Monday, 20 August 2012

Saatchi Gallery: Korean Eye 2012

The Saatchi Gallery is in the beautiful and perfectly proportioned Duke of York HQ building on the King's Road in Chelsea, less than five minutes' walk from Sloane Square tube, and entry is free. Membership to the gallery is also free and gets you invites to special events, talks and members' evenings as well as advance notice of exhibitions; get proactive and sign up in the online room on the second floor.

Korean Eye is the largest exhibition of new Korean art to date and the first time these artists have been shown as a group. Thirty-three artists were chosen from around two thousand applicants, providing a huge range of influences and styles in the works on show. Here are some of my snippets, pictures and highlights but I strongly recommend you go and wander round yourself and make your own choices (by the way, the gallery is fiercely air-conditioned - bliss on the muggy day I went, but you might want a warmish top).


I found shapes crafted from the porcelain deliberately broken and discarded by ceramic masters when the finished piece is not up to standard; Yeesookyung has taken these unwanted, destroyed pieces and made them into something new and desirable, covering the joins with gold leaf.




One room shows huge pictures with embedded photographs on acrylic like holograms that change as you walk past; people (and clothes) appear and disappear, details change, your interpretation of the work alters.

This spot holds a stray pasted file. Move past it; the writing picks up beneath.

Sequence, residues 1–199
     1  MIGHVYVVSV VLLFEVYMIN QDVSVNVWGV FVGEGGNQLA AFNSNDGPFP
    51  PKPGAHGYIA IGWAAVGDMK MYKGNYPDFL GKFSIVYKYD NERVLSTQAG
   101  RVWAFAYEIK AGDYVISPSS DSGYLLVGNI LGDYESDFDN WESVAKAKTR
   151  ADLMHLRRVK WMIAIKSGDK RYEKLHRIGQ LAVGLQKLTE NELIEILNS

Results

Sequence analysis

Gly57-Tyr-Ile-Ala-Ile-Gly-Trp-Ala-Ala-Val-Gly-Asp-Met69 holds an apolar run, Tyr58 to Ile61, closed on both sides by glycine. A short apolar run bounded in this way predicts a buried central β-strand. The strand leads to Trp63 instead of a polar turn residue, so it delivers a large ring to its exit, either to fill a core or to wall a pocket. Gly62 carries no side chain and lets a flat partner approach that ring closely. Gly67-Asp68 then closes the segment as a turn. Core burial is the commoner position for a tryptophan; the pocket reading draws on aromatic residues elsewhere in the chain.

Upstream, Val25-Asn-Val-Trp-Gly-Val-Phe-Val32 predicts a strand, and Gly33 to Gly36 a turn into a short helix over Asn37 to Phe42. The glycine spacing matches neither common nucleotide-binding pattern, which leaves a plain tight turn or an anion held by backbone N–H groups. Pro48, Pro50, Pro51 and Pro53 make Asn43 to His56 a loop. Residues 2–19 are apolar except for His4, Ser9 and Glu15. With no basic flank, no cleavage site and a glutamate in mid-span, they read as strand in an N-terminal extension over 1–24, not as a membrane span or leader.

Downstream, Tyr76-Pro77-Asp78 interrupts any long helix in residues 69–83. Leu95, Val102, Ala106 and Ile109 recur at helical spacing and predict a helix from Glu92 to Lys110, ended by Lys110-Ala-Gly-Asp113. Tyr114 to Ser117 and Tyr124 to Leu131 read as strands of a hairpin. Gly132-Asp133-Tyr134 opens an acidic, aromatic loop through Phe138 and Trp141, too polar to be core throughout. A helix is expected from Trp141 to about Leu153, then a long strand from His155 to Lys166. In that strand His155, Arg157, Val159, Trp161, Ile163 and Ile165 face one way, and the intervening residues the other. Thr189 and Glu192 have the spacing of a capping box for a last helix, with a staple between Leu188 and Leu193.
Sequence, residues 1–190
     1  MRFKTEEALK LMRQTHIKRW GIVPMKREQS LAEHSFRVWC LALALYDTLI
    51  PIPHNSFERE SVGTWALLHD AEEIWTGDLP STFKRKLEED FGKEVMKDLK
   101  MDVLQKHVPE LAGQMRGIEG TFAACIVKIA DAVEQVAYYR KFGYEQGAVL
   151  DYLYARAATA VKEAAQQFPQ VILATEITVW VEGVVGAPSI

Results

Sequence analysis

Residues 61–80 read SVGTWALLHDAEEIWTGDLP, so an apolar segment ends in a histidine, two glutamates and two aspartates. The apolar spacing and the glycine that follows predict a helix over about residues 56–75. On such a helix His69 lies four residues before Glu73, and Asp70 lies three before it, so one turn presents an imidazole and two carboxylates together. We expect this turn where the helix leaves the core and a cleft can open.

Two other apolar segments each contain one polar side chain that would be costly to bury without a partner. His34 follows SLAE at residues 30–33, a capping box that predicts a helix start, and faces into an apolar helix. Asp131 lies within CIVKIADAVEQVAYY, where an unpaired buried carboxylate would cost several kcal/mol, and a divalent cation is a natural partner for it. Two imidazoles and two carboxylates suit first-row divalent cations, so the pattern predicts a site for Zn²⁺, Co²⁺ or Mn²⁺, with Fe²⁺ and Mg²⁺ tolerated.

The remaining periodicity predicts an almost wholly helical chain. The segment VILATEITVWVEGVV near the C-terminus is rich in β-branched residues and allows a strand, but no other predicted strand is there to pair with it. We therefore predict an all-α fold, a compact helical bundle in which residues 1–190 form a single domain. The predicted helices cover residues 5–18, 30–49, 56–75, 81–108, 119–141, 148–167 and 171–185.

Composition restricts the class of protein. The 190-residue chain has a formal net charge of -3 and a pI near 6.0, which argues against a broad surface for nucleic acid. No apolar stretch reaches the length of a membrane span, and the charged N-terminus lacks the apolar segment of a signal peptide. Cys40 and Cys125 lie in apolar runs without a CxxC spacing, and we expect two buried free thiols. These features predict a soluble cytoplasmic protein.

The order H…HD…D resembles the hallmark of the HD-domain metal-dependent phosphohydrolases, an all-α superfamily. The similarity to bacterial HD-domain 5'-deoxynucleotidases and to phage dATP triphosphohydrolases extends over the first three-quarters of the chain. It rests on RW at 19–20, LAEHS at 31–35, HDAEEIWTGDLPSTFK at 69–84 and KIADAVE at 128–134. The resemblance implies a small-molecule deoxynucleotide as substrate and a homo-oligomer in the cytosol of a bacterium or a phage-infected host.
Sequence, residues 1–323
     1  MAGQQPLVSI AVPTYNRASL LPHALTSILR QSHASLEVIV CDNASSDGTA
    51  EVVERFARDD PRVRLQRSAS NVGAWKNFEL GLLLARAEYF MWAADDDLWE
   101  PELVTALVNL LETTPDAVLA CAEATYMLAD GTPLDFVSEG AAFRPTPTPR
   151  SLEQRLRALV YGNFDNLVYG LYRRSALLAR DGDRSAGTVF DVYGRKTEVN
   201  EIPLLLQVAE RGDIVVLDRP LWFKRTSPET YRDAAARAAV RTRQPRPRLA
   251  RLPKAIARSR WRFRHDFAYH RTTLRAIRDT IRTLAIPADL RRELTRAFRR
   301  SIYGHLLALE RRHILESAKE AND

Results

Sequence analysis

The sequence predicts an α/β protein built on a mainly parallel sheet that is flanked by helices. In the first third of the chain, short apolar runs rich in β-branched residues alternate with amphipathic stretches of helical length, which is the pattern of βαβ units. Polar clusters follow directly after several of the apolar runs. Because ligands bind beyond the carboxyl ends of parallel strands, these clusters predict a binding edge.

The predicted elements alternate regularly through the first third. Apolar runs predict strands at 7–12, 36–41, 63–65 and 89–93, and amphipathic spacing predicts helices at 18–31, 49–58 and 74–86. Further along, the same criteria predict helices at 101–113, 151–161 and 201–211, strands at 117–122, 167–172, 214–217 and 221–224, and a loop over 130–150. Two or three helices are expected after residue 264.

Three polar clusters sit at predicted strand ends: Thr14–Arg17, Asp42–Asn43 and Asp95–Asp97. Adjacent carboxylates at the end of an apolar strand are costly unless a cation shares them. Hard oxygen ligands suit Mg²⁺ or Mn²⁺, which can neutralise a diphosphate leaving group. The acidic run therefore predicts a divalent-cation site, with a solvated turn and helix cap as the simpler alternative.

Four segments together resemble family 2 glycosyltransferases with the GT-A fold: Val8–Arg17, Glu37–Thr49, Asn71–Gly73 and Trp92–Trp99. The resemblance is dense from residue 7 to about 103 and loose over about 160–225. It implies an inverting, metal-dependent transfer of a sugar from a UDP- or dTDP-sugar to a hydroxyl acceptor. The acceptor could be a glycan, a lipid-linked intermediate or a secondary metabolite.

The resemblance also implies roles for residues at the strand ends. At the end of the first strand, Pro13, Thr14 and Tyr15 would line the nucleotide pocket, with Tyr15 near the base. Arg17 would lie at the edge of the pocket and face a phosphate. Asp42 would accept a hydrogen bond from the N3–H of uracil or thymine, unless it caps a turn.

I loved the mesmerising portrait of an elderly Mother Theresa by Hyung Koo Kang painted in oils on aluminium, and pictures of braided hair painted using a single-haired brush.





Huge, photo-realistic pictures of cacti by Lee Kwang-Ho flank a delicate latticed sculpture in one room, and a selection of vases atop packing crates in another.






Cho Duck Hyun's apparently traditional portraits force their way into the present and trail fabric over the gallery floor, contrasting with Kim Buyoungho's wall-mounted bursts of twigs or aluminium.



The lower floor houses 20:50, a site-specific installation by British sculptor Richard Wilson and my favourite piece in a very rewarding visit. The viewer looks down on the piece from a gallery on to what appears to be a drop of several feet and white rectangles on the floor. As a fan of - but no expert in - contemporary art, I dutifully kept looking and awaiting enlightenment; it was the distinct smell of oil that dropped the penny for me.

The rectangles on the floor were in fact reflections of the ceiling lights, there was only one row of windows, not two. In one of the moments I love in art, when you suddenly have to reassess everything you thought you were looking at, I realised that there was an almost impossibly smooth reflective surface over the whole room, and that it was one of the least glamorous (Chris Ofili aside) substances possible; used sump oil. Deceptively simple, disorienting, genius.

Really, go. If you like contemporary art, I'm betting at least one thing there will make you catch your breath.





Yours, impressed,
Girl About Town xx

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